The following editorial appeared in Thursday's Fairbanks Daily News-Miner:
Obtaining tax-exempt status for the Alaska Gasline Port Authority's bonds seemed like a potential Achilles heel for the project a few months ago. With a ruling from the IRS last week, that no longer seems to be a concern. The ruling is a significant step toward making the gas line from Prudhoe Bay to Valdez a reality.
The IRS determined that the gas line authority was ``governmentally controlled.'' Income from bonds issued by such entities are tax exempt, so investors who buy them make a bit more money than they would on taxable bonds. And that in turn means the gas line authority can offer bonds at a lower interest rate and still attract investors. The lower interest rate lessens the cost of the gas, making it more marketable in the world.
The IRS, in its letter, quotes from its tax code. The code says interest on any state or local bond is not taxable income. ``The term 'state or local bond' means an obligation of a state or political subdivision thereof,'' the agency said.
So the agency had to answer the question - could the gas line authority be considered a ``political subdivision.''
The IRS said yes, for the following reasons:
The authority is governed by a board of directors appointed by the Fairbanks North Star Borough, the City of Valdez and the North Slope Borough.
Any net revenues from the project will go to these governments, the state, and other municipalities.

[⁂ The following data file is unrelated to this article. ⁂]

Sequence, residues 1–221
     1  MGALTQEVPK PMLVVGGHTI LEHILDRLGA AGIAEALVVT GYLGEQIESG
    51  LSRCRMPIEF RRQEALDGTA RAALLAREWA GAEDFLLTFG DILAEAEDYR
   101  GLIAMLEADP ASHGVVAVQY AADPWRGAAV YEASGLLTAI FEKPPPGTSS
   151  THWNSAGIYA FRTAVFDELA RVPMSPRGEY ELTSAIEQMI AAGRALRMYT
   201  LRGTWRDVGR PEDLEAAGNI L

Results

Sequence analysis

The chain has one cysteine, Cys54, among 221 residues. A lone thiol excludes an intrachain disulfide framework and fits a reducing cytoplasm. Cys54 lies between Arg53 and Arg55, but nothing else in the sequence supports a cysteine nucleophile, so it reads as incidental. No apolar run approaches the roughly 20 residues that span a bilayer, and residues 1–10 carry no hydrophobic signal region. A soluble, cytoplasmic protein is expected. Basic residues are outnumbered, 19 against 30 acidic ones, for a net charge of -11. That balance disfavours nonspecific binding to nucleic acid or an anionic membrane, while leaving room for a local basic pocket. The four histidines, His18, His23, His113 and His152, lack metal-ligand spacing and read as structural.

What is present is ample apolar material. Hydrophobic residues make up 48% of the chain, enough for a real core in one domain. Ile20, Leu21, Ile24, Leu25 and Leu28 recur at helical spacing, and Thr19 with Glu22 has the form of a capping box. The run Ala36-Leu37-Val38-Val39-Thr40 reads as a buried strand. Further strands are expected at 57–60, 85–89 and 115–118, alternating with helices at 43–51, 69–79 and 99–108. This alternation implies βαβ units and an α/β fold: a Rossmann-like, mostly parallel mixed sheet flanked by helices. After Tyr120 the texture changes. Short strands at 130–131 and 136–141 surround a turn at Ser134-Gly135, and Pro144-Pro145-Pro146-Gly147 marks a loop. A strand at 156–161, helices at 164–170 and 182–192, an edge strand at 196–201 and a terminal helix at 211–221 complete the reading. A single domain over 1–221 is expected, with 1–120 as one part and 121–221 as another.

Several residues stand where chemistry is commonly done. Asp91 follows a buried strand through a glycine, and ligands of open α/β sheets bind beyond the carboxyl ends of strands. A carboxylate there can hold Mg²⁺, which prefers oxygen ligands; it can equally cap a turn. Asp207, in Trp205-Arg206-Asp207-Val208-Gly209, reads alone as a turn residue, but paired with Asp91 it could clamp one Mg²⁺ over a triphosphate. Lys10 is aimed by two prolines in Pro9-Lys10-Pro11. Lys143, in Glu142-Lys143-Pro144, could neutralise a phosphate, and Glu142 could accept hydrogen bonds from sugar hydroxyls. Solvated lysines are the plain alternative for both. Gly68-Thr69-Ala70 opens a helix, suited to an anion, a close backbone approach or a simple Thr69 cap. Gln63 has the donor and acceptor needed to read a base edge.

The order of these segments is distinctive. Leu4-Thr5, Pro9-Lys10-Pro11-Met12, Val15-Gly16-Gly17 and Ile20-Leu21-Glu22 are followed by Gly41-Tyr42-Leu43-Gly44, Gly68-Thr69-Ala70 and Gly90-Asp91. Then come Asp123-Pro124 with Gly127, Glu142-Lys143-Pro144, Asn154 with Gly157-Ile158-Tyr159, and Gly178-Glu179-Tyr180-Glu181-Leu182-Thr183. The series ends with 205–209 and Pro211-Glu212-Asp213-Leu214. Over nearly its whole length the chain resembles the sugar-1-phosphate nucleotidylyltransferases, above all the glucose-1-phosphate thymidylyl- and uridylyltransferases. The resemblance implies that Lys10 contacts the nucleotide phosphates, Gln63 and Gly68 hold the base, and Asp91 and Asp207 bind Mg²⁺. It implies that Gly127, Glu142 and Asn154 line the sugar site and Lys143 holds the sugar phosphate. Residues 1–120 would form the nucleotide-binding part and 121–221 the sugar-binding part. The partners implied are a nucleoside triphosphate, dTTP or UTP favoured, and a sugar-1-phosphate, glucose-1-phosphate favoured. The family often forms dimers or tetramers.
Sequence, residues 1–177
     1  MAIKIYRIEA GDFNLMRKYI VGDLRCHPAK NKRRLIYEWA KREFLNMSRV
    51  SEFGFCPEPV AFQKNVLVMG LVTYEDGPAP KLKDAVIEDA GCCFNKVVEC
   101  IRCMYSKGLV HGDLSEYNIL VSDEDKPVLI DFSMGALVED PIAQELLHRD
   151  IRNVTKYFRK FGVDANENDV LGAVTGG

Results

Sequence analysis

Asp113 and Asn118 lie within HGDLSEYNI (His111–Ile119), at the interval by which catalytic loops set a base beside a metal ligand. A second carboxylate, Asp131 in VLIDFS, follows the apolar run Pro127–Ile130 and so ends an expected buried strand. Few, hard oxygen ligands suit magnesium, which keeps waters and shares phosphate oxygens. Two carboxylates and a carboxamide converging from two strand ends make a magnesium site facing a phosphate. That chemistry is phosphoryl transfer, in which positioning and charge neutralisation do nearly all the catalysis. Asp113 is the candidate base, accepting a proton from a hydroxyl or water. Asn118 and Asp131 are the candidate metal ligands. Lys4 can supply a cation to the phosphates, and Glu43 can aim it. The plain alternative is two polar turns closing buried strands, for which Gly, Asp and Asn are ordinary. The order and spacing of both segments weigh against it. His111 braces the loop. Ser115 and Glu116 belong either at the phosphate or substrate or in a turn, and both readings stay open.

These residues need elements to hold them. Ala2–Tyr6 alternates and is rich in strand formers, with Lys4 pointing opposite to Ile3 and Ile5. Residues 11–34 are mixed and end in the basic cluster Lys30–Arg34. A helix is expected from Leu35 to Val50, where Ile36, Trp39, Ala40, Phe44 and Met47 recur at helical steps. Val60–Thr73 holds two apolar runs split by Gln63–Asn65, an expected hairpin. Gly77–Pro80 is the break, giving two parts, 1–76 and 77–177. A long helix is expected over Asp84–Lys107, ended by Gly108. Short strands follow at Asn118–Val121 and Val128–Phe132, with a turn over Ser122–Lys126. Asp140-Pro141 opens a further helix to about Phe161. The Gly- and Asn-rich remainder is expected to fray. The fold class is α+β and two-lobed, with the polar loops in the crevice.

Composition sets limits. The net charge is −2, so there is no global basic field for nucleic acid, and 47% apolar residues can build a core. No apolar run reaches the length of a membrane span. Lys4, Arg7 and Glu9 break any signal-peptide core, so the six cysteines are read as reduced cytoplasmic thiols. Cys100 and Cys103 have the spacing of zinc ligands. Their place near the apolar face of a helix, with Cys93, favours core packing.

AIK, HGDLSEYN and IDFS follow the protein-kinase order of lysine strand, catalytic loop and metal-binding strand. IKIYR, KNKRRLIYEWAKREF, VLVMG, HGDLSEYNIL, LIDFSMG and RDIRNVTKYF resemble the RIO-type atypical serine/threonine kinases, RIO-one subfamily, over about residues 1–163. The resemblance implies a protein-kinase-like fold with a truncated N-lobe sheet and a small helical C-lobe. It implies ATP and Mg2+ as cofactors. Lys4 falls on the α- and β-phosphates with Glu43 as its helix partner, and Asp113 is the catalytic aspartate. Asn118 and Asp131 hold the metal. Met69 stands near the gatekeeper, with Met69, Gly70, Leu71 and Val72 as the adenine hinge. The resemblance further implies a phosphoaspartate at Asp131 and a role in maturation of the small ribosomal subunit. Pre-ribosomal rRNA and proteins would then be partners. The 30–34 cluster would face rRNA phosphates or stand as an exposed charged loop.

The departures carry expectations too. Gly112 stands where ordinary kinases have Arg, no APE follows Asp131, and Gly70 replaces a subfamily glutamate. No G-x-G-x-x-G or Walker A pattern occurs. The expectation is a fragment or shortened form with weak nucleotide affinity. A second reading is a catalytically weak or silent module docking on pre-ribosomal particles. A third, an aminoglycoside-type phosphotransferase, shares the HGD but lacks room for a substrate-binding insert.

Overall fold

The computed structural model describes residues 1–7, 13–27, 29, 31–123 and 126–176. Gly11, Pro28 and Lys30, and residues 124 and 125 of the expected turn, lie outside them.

he assets of the authority will be distributed to the governments of Fairbanks, Valdez and the North Slope when it is dissolved.
Finally - and this may come as a surprise to some - the authority has the power of eminent domain, meaning it can pay for and take property and then go to court to defend itself if it has to.
So, as the saying goes, if it quacks like a political subdivision, it must be a political subdivision.
Some might question ``why'' the federal tax code should make income from state and local bonds tax exempt, particularly when the bonds are issued to build projects of this sort. But that's an entirely different question. It's now clear that under the existing tax code, the income is exempt as far as the IRS is concerned.
The IRS ruling might have been expected by many observers, but it was still a critical piece of the financing puzzle for the gas line authority. With the question answered, the authority can pursue the project with greater confidence. That's good news for everyone in Alaska.
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